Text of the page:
The Corporate Venture

Visiting Nurse Service of NY (VNSNY)

Michael Monson, SVP Performance and Innovation

VNSNY is in the unusual position of being both a payer (Medicare Advantage) and a service provider in long-term care. His major points to developers:

  • any device or service MUST fit into clinical workflow, doesn’t depend on changing consumer behavior and ideally should be disposable!
  • especially do not make it dependent on a smartphone which requires a level of dexterity and visual acuity that many older people simply do not possess.

However, in seeming contradiction of above, Mike is especially interested in systems which can positively impact individual behavior, especially in compliance, disease management and in workflow productivity.


The Mentor

Blueprint Health

Matt Farkash, Founding Partner

Blueprint Health is a NYC-based startup accelerator that will be offering (January 2012) an intensive three-month program to NY-based entrepreneurs. It provides $20,000 of seed capital, extensive mentorship and a shared work environment to help entrepreneurs go from idea to prototype and provide access to angel and venture capital investors. Already 65 mentors-VCs, payers, providers-are affiliated.


The Incubator

NYU Innovation Venture Fund

Frank Rimalovski, Managing Director

The NYU Innovation Venture Fund is a seed-stage ($100K level) venture capital fund created to invest in startups built upon NYU technologies and intellectual property. It helps in developing product commercialization and patentable inventions.


The burning questions:

1) How do entrepreneurs get investors’ attention?

  • Referrals-or a 1-2 line pitch in a highly targeted email. Know the bios of the principals and the portfolio to get the fit, and figure out a connection (Pietri)
  • Develop a kicka** product where people pay you (JL Neptune)
  • Solve a real world problem (Monson)
  • Partnership plays with insurance companies (payers)
  • Understand that this is not a friendly process (Krein)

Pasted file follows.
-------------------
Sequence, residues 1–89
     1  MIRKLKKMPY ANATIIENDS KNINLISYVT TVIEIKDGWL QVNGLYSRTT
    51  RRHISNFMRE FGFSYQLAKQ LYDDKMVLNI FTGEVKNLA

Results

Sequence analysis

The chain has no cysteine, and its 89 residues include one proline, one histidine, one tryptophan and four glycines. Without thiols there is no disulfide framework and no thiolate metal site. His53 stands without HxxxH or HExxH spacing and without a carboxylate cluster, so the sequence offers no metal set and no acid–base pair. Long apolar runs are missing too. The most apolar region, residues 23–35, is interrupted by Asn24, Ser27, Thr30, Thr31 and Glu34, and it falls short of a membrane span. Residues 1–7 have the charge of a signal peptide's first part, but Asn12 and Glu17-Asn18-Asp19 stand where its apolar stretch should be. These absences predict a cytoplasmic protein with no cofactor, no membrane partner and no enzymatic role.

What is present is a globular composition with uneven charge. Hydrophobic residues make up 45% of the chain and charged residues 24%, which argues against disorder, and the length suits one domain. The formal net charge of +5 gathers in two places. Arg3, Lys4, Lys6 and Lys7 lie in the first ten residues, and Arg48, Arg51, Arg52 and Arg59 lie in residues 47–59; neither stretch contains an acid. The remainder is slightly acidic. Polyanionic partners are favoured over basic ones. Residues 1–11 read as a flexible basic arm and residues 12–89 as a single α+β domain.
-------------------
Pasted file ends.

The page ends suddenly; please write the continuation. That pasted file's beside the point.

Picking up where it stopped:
• Confidentiality, at least prior to investment, is impossible (Pietri)
  • Overall, there’s a problem in backing of NYC-based healthcare startups (although online doctor appointment scheduler ZocDoc got another $50 million in Series C funding from Russian billionaire Yuri Milner’s DST Global earlier this month.)

2) How do entrepreneurs deal with providers who are ‘stuck in the mud’? These are especially hospitals but can be doctors, payers.

  • Put together a ‘dream team’-people with expertise in business, tech and a designer (Krein)
  • Understand that for providers, ‘improving outcomes’ is not that desirable of a benefit (!). For payers, it is a big plus (e.g. WellDoc’s Diabetes Manager) (Monson)
  • The changes in healthcare delivery are slow in coming

3) Opportunities-and not

There is an opportunity to build a model for integrated health (Monson)

  • A favorable model would concentrate on data and software, have a recurring revenue model and show distinct signs of acceleration (Pietri)
  • Delivering a lower cost model
  • Not favored-media businesses, EHRs (all)


Video on Livestream, multiple clips (wait a bit to get the videos to play after the interminable commercials)

Many thanks to Health 2.0 NYC organizer Alex Fair (FairCareMD, which allows consumers to shop openly for healthcare pricing and matches patients and providers) and the sponsors for hosting!



MHX 2011 Conference Report

A highlights report on Day 2 of the recent Mobile Health Expo (MHX) 2011 in NYC. Some points:

  • mHealth as the convergence of social media (SM) and healthcare (HC) or wellness care (WC)
  • 7,000–or 2%–of Apple AppStore apps are clinically related
  • Need safeguards for such mHealth apps as diabetic insulin dose calculators;  doctors very wary due to risk and liability, not to mention significant implications for HIPAA privacy and security
  • social support a key motivator

Many thanks to reader Bill Oravecz of EHR and health management consultancy WTO Associates.  Report

Seminar report: Alere Masterclass 7 June 2011

[Disclosure: Alere paid Steve’s travel costs]

Following its acquisition of Home Telehealth Ltd (HTL) in February, Alere began its UK telehealth marketing efforts with a ‘masterclass’ at the King’s Fund, London yesterday, 7 June, repeated in Manchester today. (Alere is pronounced ‘a-lear’ rather than ‘al-ere’, by the way.)